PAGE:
Russia through the Saudi looking glass
The latest bunch of diplomatic cables released by WikiLeaks as part of the half a million files relating to Saudi Arabian Foreign Ministry contains a revealing document on an “arrangement of reciprocal support to the candidature of the Government of Russia to the Human Rights Council on the understanding that the Government of Russia would also extend its valuable support to the candidature of Saudi Arabia” in the elections to the body held in May 2013.
There is nothing earthshaking here, for sure, but it calls attention to the pragmatism that has characterized the relations between Saudi Arabia and Russia. Interestingly, the Syrian conflict didn’t come in the way of the above deal-making in 2013. The deal actually predates the rift between Riyadh and Washington following the commencement of direct talks between the US and Iran.
Against this backdrop, the Saudi assessments regarding Deputy Crown Prince Mohammed bin Salman (MbS) to Russia last week fall into perspective. Writing in the Saudi establishment daily, Abdulrahman Al-Rashed, general manager of Al-Arabiya television, cautions against reading too much into MbS’s Russia visit.
Rashed acknowledges the Saudi disillusionment over the US’ Middle East policies and takes note that Riyadh has taken “an unusual step and decided to do the opposite” by boosting business ties with Russia in critical areas such as energy and nuclear and military technologies at a time when the US has imposed sanctions and is boycotting Russia.
Nonetheless, Rashed sums up: “Of course, we shouldn’t read into any new developments outside political frameworks, because I can hardly imagine that Saudi Arabia has decided to turn against its alliances (with the West) – but it probably wants to get out of the narrow US corner and expand its options”.
Rashed hints that the Saudis have probably offered to give Russia “the biggest role in operating and overseeing” the 16 nuclear reactors it has decided to build “to join the nuclear club”. But on the political side, Rashed assesses, “Saudi Arabia wants Russia, which is a key player in Syria, Yemen, and Lebanon, to be on its side. Russia plays an important role in the military balance with Iran.”
On the whole, what stands out is that Rashed tamps down the excitement over MbS’s Russia visit. He implies that the Saudi-US alienation falls far short of a rupture and, essentially, Riyadh is diversifying its foreign relations. (By the way, MbS is currently on a visit to France to sign “landmark agreements worth tens of billions of euros” in the fields of defense, civil aviation and solar energy.)
All indications are that Moscow took MbS’s visit on its stride. Of course, much as running and managing16 nuclear reactors could mean good business, if the Saudis expect Russia to disengage from its quasi-alliance with Iran in fighting the proxy wars in Syria or Yemen, that is not a price Russia will be willing to pay.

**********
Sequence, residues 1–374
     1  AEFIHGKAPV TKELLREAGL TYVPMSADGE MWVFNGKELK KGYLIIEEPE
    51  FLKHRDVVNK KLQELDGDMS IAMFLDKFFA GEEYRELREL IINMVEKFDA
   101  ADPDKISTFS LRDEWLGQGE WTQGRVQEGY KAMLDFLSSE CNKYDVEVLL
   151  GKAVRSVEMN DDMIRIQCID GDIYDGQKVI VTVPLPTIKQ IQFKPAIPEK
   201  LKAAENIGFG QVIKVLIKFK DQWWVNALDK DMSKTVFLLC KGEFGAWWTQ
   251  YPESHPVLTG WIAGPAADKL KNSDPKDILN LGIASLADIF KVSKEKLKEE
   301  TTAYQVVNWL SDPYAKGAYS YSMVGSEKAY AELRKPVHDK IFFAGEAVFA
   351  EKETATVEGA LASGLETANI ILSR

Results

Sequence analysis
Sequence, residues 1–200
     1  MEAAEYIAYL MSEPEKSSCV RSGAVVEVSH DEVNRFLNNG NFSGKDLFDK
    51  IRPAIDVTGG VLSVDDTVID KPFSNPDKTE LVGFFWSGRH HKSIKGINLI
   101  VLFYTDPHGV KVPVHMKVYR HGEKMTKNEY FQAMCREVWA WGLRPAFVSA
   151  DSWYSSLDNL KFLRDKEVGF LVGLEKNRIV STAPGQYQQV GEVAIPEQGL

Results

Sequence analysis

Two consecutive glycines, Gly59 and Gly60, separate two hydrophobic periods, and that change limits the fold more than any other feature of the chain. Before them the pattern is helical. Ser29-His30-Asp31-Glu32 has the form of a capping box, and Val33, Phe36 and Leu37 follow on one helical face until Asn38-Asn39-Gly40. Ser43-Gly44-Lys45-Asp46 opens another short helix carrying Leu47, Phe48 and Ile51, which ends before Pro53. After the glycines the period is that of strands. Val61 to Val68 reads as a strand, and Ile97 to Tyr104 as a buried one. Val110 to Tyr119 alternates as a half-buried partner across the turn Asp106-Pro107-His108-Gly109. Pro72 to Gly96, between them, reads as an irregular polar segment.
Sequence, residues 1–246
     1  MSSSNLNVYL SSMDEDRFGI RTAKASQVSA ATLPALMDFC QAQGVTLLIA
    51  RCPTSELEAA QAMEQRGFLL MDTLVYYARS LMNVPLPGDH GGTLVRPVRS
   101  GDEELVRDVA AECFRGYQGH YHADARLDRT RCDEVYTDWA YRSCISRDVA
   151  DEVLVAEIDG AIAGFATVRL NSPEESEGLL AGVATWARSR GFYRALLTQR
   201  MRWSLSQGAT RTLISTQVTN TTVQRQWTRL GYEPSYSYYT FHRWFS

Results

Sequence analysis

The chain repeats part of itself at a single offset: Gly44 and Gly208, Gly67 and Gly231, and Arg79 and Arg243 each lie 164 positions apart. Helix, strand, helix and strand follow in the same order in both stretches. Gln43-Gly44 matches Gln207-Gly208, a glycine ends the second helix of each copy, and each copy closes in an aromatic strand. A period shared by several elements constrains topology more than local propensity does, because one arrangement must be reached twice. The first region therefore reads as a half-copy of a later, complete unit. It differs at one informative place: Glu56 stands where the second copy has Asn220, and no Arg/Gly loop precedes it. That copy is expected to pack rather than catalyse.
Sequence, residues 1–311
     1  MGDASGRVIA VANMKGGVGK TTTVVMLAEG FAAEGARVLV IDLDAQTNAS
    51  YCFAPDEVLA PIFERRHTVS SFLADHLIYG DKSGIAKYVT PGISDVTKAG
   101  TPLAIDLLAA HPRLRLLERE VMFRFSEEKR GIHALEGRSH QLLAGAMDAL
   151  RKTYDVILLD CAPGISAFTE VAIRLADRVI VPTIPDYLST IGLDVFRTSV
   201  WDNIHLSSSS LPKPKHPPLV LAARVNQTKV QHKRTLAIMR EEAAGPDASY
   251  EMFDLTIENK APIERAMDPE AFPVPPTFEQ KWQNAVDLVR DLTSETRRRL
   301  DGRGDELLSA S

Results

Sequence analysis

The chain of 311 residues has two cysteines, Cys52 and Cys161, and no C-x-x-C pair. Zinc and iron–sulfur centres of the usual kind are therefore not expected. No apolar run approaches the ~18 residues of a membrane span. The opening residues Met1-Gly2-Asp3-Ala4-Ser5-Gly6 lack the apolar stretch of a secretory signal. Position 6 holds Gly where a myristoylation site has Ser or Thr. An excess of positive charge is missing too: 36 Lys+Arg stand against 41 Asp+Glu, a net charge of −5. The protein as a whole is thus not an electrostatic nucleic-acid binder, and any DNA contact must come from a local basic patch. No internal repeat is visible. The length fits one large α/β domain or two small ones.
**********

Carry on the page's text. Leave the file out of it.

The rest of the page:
In Syria at least, Iran becomes the indispensible partner for Russia. It should please Russia that Iran is speaking about forming a regional alliance with Iraq and Syria to fight terrorism and is working on a regional summit of the three countries, possibly next week.
Having said that, Russia anticipates shifts in the Iranian foreign policies after the nuclear deal comes through and expects that Iran’s rapprochement with the West becomes inevitable, but hopes that this will be happening gradually, not overnight, but step by step. More importantly, Russia believes that Tehran will continue to develop relations with it.
The influential Russian daily Kommersant reported on Monday quoting a Kremlin source that Moscow has now proposed to Tehran its readiness to supply the advanced Almaz-2500 anti-aircraft missile systems, which are more advanced than the S-300 units that it originally offered under the 2007 deal.
Again, Russia sees Iran as a potential rival in the world energy market. In a commentary on Monday, the official news agency TASS quoted a Russian expert, “Iran does not care at all about Russia’s interests. It needs money and at some future date it will be able to offer considerable competition to Russia, and not in Europe alone: on the oil market, in two or three years from mow, and on the gas market, in five to seven years.”
Indeed, Iran is a highly focused, vastly ambitious regional power, too. Its integration with the West cannot and will not come at the cost of its “Look East” policies aimed at China and Russia. Tehran is pressing hard its case for full membership of the Shanghai Cooperation Organization. Russia’s role, being the host country for the SCO summit next month, will be keenly watched.
Without doubt, the 3-way equations involving Russia, Iran and Saudi Arabia are entering a period of transition. All three protagonists are in it for the long game.
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